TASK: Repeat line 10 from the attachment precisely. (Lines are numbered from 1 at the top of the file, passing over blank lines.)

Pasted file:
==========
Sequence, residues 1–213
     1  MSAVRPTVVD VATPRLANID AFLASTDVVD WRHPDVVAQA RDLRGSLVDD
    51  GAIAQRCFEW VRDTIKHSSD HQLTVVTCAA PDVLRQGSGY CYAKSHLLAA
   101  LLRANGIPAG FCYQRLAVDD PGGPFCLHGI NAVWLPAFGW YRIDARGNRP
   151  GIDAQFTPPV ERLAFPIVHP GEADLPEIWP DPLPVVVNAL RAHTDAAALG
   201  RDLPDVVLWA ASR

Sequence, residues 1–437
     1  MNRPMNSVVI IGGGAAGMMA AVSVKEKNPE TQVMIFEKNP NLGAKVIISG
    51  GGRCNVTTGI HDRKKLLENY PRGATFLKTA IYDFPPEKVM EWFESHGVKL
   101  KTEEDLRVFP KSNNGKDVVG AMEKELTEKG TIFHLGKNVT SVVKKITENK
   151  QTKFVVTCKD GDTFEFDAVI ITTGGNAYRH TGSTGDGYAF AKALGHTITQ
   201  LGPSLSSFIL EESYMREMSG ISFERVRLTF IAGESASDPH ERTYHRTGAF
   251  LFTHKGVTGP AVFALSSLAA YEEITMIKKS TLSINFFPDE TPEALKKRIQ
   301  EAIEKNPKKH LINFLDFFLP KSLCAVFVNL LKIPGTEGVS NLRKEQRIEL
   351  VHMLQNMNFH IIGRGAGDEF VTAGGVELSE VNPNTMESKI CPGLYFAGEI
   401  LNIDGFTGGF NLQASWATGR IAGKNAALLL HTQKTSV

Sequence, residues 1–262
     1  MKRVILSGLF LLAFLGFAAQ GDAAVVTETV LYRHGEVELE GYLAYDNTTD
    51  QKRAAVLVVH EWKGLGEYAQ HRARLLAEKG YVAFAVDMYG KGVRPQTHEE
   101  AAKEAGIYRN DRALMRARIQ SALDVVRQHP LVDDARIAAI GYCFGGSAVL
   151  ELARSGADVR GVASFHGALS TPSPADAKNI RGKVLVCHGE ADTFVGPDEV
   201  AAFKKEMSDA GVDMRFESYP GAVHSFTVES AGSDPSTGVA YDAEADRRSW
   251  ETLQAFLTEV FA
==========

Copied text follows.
   101  KTEEDLRVFP KSNNGKDVVG AMEKELTEKG TIFHLGKNVT SVVKKITENK